Competitors watchdog lifts measures on Seize as private-hire regulatory framework takes impact

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SINGAPORE: The Competitors and Client Fee of Singapore (CCCS) has lifted the measures it imposed on Seize in September 2018 over its merger with Uber.

This comes after Singapore’s new point-to-point (P2P) transport regulatory framework got here into impact on Oct 30, the watchdog mentioned in a media launch on Friday (Nov 20).

Parliament handed the P2P Passenger Transport Business Invoice in August final yr, which requires all ride-hail and street-hail service suppliers with a fleet measurement of greater than 800 autos to be licensed.

READ: Non-public-hire automobile operators to be licensed from subsequent yr as Parliament passes new regulatory framework

Amid the COVID-19 outbreak, implementation of the regulatory framework was delayed from June to October this yr to permit operators extra time to organize their functions.

Because the launch of the framework, firms comparable to Tada Mobility, Gojek, Seize, ComfortDelgro and Ryde have been awarded ride-hail service operator licences, CCCS mentioned.

Different current taxi operators have additionally been issued restricted ride-hail service operator licences to offer name reserving companies.

“Because of this, there are a variety of operators within the P2P sector right this moment. The P2P regulatory framework administered by the Land Transport Authority and the Public Transport Council ensures that each one licensed operators can not stop their drivers from driving for different operators,” CCCS mentioned.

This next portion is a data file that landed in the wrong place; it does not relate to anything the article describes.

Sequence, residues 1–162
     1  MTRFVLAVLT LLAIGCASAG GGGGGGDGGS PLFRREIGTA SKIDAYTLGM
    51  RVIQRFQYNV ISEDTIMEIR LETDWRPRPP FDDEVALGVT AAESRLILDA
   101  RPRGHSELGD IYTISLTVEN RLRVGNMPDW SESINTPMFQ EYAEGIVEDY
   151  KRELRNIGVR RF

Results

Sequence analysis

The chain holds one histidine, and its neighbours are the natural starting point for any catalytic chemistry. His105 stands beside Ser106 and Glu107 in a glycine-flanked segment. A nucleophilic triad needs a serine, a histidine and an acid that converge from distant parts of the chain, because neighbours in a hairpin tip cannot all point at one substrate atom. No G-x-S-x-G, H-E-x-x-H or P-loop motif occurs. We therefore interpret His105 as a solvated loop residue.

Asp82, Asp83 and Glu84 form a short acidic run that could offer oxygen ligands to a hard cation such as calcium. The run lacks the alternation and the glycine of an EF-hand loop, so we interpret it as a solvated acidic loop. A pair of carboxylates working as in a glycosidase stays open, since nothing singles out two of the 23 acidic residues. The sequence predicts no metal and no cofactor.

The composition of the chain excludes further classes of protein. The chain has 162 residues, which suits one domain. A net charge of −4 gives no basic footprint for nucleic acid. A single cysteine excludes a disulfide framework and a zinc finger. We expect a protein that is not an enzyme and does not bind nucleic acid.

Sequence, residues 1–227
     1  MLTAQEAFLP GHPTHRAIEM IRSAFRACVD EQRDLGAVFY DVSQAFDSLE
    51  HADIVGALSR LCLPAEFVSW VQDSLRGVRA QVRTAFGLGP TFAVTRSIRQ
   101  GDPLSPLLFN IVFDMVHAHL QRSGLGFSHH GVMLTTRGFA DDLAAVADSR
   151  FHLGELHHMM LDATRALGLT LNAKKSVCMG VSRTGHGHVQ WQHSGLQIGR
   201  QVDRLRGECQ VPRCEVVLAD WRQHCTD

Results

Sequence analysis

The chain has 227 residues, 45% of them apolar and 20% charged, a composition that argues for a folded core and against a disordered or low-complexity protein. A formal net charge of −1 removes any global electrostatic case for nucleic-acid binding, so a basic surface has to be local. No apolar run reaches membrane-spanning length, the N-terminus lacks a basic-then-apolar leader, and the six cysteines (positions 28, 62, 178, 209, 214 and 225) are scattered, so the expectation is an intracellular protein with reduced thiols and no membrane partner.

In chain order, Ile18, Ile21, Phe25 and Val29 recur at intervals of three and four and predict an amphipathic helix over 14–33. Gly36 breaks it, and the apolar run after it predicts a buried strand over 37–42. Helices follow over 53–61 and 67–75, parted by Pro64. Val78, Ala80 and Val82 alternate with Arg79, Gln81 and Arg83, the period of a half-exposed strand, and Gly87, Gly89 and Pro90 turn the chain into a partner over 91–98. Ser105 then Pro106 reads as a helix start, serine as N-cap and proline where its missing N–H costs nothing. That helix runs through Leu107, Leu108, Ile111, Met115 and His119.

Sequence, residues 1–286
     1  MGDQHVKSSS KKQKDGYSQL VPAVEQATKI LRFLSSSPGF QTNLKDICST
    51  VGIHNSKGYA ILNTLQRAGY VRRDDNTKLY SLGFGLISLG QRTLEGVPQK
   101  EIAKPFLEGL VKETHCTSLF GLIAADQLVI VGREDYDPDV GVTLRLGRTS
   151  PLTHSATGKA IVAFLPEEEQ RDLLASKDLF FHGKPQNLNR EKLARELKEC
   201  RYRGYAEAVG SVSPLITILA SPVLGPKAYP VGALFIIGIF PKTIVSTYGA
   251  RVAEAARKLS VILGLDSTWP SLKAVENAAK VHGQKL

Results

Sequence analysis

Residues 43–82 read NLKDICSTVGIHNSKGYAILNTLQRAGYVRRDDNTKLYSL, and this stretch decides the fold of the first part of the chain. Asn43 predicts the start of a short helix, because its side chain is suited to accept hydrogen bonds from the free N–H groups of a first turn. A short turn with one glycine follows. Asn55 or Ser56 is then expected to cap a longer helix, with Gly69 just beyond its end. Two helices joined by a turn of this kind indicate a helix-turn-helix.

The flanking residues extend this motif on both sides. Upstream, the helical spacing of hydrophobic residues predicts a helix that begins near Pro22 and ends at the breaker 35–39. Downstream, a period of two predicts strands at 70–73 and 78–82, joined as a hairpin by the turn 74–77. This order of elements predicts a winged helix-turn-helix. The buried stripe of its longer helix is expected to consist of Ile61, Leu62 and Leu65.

“The regulatory framework additionally ensures that P2P fares are clear and clearly communicated to commuters, whereas leaving fare ranges to be decided by market forces.

“With a sectoral regulatory framework now in place, CCCS considers it well timed to launch the instructions imposed on Seize as the problems recognized are extra appropriately thought-about and addressed inside the context of the sectoral regulatory framework,” the fee mentioned.

READ: Singapore competitors watchdog fines Seize, Uber S$13 million in whole over merger deal

CCCS issued an infringement resolution towards Seize and Uber in September 2018, in relation to the March sale of Uber’s Southeast Asian enterprise to Seize for a 27.5 per cent stake within the Singapore-based agency.

The deal led to a “substantial lessening of competitors” within the ride-hailing market, CCCS mentioned then, highlighting Seize’s elevated costs and adjustments to its loyalty programme after the merger.

It issued instructions to each companies to handle these issues, beneath which Seize should preserve its pre-merger pricing, pricing insurance policies and product choices, and take away all exclusivity obligations on drivers and taxi fleets.

These sought to reduce the influence of the deal on drivers and riders, and preserve the market open and contestable, CCCS mentioned.

Uber and Seize had been collectively additionally fined a complete of S$13 million over their merger. CCCS mentioned the penalties had been imposed to “deter accomplished, irreversible mergers that hurt competitors”.

On Friday, CCCS famous that Seize submitted an software in July to impose a S$0.30 platform charge for ride-hailing companies.

The fee mentioned it will now not situation a choice on the appliance, after the lifting of the instructions imposed on Seize.



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